Marcello Lippi's Guangzhou Evergrande emerged as the first team to defend the Chinese Super League since Dalian Shide in 2002 when curtain came down on the 2012 season on Saturday.
Having sealed the title with a game to spare, the Italian opted to field a second-string line-up in the closing match at Beijing Guoan. The game ended 1-0 in the hosts’ favour as the side from the capital secured their place in the top three and possible qualification for next year's AFC Champions League alongside the champions and runners-up Jiangsu Sainty.
At the opposite of the table, Shanghai Shenxin were condemned to relegation alongside bottom-placed Henan Construction after losing the decider 3-2 at Liaoning Whowin. Replacing the demoted pair next season are Shanghai Tellace and Wuhan Zall, who finished in the top two of the First Division.
The narrow defeat against the capital side did little to disappoint Lippi, who has now switched his focus to the two-legged FA Cup final against Guizhou Renhe on 10 and 18 November.
"It is over five months since I came to China," said the 64-year-old FIFA World Cup™ winning coach, who replaced South Korean Lee Jangsoo in May. "We successfully defended our title, and reached the final of FA Cup. But we were not lucky in the Champions League as we crashed out in the quarter-finals. It would have been ideal had we done better on the Asian scene."
Bumpy road to glory
Boasting a host of Chinese internationals including captain Zheng Zhi and admirable imports in Dario Conca and Muriqui, Guangzhou dominated the previous season throughout to clinch their maiden trophy unchallenged. A series of eye-catching recruitments including Borussia Dortmund striker Lucas Barrios were added to their already enviable line-up this season, with the holders targeting double success on both home and Asian front.
Their ambitions were, however, dealt a blow with a 2-0 loss to newly-promoted Guangzhou R&F in their second outing, a result which left them languishing in tenth. With the team beginning to gel, the defending champions gradually asserted their authority with a seven match unbeaten streak to return to the top four points clear.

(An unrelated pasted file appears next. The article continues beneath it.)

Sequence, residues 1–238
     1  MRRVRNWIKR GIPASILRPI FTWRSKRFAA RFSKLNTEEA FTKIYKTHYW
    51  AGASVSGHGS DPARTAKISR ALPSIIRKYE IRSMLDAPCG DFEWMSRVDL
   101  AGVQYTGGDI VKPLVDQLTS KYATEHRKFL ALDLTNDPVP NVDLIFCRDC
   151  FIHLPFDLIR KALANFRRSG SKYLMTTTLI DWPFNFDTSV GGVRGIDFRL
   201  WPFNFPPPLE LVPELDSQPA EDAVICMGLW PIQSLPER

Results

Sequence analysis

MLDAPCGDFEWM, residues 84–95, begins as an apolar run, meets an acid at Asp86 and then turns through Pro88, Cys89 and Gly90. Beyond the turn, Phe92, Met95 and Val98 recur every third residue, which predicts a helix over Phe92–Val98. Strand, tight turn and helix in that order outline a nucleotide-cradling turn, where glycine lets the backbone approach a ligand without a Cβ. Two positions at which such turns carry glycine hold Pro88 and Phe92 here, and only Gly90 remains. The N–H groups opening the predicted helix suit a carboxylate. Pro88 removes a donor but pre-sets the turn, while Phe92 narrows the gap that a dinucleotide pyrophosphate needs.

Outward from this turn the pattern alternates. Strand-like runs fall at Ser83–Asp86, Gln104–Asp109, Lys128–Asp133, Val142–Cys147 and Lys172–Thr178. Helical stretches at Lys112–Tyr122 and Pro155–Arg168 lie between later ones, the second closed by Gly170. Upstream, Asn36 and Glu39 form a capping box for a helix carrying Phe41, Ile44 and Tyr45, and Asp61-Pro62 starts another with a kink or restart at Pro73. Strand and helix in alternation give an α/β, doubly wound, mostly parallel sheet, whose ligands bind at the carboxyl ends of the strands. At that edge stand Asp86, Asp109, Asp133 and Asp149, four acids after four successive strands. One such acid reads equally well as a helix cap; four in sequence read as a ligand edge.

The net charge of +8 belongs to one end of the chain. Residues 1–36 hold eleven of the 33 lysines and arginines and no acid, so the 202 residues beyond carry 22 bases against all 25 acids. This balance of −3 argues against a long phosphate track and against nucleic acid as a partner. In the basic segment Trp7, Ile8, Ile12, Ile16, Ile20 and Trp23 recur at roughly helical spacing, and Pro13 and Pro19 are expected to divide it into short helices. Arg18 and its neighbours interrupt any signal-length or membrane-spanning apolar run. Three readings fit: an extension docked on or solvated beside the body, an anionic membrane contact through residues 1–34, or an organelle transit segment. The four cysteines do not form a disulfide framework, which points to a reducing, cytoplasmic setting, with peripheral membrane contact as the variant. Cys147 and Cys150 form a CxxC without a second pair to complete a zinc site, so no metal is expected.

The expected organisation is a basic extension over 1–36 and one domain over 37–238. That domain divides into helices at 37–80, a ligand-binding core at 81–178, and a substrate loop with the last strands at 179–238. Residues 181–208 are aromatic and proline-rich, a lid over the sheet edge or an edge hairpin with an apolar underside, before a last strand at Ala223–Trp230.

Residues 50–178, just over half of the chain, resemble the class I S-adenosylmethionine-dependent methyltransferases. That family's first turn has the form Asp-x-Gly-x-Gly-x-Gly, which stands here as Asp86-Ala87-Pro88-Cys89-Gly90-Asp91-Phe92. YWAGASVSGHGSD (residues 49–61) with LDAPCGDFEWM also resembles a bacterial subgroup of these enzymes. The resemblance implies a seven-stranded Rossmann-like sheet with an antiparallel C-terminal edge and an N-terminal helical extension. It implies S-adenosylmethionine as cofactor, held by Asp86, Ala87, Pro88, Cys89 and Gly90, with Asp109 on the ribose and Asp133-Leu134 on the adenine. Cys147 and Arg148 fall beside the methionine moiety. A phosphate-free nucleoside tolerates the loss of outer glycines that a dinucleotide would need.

It would have been ideal had we done better on the Asian scene.
They proceeded to maintain their form and build a seven-point advantage at the summit midway through this season. But the second-half of the campaign proved turbulent, with a second defeat to city-rivals R&F plus losses to Guizhou and Qingdo Jonoon seeing them trail behind Jiangsu on goal difference with four matches to play.
With so much at stake, Lippi's side kept their cool to edge Shandong Luneng in a 3-2 goal-thriller to restore their lead, before fighting back to draw 1-1 at Jiangsu. In the penultimate game against struggling Liaoning, Gao Lin struck the only goal in the last minute to seal the match and title.
If Guangzhou came from nowhere to shock the giants and win the league as a newly-promoted side last year, this season saw the emergence of a series of promising teams who took the league by storm. Indeed, these up-and-comers were indebted to their star imports as they set the domestic stage ablaze.
Notably, Jiangsu, under Serbian Dragan Okuka, emerged the season's biggest surprise packages by narrowly finishing behind Guangzhou, thanks to the goal-scoring form of the Romanian forward Cristian Danalache who finished the season as top-scorer with 23 goals.
Even more impressive were the newly-promoted pair of Dalian Aerbin and R&F, both of whom mounted serious challenges. The former, armed with former Barcelona midfielder Seydou Keita and Nigerian striker Peter Utaka, surpassed the likes of Changchun Yatai and Tianjin Teda to fifth place in their debut Super League season. R&F, meanwhile, finished in seventh, inspired by the form of Brazilian trio: Rafael Coelho, Davi and Jumar as well as former Everton marksman Yakubu Aiyegbeni.
Conversely, it proved to be a season to forget for several traditional powers. Shanghai, despite securing the services of Nicolas Anelka and Didier Drogba, largely underperformed with a humble ninth-place finish. Four-time winners Shandong Luneng, for their part, struggled to rediscover their old selves throughout as they finished tenth, their second worst placing in the club’s history.
China’s most successful club, Dalian Shide, continued their slump over recent years by only narrowly avoiding relegation with a single-goal defeat of Henan in their penultimate match. With the traditional order completely overthrown, the 18-year old C-League is embracing a new dawn.